He has come around to eating again, but meat is not on his menu. Nor eggs, nor cheese. So it’s a new wave of creative ways to sneak more protein into his diet: lima beans, edamame, milk, French toast, rice and beans etc. And of course, Pediasure supplements. Ugh.

I am not going to let it get me down. I worked hard for that one pound, six ounces. I have endured tears, and food thrown at me, and mopping up yogurt off my hardwood floors. I have endured constantly thinking about feeding my child; shopped until I couldn’t look at another nutrition label hoping for more calories and fat.

I have learned much over the past month when it comes to toddlers and picky eating. At least I know I’ve not resorted to this:

Below, however are a few things that have worked, and may help other moms out there.

  1.  Keep calm, and carry on. This is the hardest and most truthful rule. It’s incredibly stressful worrying about your little one, but even more so when his ability to gain weight, or lose it, hinges on what you’re feeding him. If he doesn’t eat a meal, take him out of his seat and move on to the next thing. If he disses that banana bread you made just for him today (and he will), just save it to try again tomorrow. If he screams and cries through meal time, remember there is always another meal time. It’ll be okay.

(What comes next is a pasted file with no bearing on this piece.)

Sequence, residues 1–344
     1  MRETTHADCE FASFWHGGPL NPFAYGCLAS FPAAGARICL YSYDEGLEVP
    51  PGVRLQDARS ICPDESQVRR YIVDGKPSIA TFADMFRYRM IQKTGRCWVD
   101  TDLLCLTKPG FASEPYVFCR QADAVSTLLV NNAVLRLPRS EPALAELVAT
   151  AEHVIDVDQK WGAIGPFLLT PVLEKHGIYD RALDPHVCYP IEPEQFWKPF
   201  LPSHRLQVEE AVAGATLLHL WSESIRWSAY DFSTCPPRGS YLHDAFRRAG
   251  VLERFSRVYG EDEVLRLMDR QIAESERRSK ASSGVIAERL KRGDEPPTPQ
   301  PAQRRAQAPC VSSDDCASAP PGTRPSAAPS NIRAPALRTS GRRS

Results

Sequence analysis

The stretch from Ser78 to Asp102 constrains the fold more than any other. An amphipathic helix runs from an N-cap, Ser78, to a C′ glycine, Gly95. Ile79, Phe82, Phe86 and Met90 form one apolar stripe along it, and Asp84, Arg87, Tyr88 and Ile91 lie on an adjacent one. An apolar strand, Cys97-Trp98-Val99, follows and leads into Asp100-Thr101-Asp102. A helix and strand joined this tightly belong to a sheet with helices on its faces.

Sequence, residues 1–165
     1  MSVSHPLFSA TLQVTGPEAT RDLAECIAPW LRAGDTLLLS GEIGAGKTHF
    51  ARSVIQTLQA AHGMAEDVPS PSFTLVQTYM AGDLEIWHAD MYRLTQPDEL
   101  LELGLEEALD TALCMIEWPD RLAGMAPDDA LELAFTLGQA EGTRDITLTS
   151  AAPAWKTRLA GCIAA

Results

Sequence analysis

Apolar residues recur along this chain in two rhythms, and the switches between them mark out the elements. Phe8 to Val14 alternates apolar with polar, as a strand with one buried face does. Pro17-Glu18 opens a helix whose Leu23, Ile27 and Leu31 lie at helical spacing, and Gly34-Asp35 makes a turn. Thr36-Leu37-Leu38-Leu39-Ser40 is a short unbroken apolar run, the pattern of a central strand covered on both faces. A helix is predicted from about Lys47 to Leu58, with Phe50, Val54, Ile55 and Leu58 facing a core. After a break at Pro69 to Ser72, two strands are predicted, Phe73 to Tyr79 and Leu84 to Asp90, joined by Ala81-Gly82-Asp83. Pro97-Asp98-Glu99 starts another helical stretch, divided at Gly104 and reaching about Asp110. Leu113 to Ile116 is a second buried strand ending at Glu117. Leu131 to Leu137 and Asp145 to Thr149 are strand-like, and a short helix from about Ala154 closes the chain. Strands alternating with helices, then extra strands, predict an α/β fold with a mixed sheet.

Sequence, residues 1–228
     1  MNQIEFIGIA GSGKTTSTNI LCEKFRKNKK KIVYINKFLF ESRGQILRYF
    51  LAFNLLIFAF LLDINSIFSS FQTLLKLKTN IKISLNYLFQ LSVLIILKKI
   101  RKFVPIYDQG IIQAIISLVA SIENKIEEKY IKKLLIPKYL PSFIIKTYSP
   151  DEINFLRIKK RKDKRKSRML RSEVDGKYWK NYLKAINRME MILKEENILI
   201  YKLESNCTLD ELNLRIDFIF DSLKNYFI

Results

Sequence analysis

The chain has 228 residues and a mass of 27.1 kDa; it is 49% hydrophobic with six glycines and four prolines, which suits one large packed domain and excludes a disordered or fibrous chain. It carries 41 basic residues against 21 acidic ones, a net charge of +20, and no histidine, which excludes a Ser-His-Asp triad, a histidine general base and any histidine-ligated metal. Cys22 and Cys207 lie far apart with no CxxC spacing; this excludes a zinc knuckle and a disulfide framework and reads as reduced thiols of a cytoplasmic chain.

2. Don’t let the doctors freak you out. Yes, it is an issue to simply overlook if your child is overweight or underweight. But don’t flip out. (See rule number one.) Even when the doctors give you that look: Oh, isn’t she delusional, getting excited over a little more than a pound? Even when the nutritionist comments about how she’s surprised your toddler is eating peanut butter and almond butter before the age of two—when at your last visit, she recommended you increase his nut butter intake. You know what is best for your child, so don’t be overwhelmed by all the suggestions they offer you. Just try one at a time.
  3. Switch up the eating pattern. For us, this meant swapping from the high chair to the table, in a booster seat. We added putting food in bowls and on plates, and when appropriate, spoons or forks. In other words, encouraging independent eating. Adding an additional snack also was helpful.
  4. Don’t stick to standard meal times. Max naps over lunchtime, and trying an “early” lunch did not fly, he wasn’t ever hungry for a meal. Our schedule looks like this:
    7:00 – 7:30 a.m. Wake Up
    8:00 a.m. Breakfast
    10:30 a.m. Snack
    11:00- to 12:00-ish Nap Start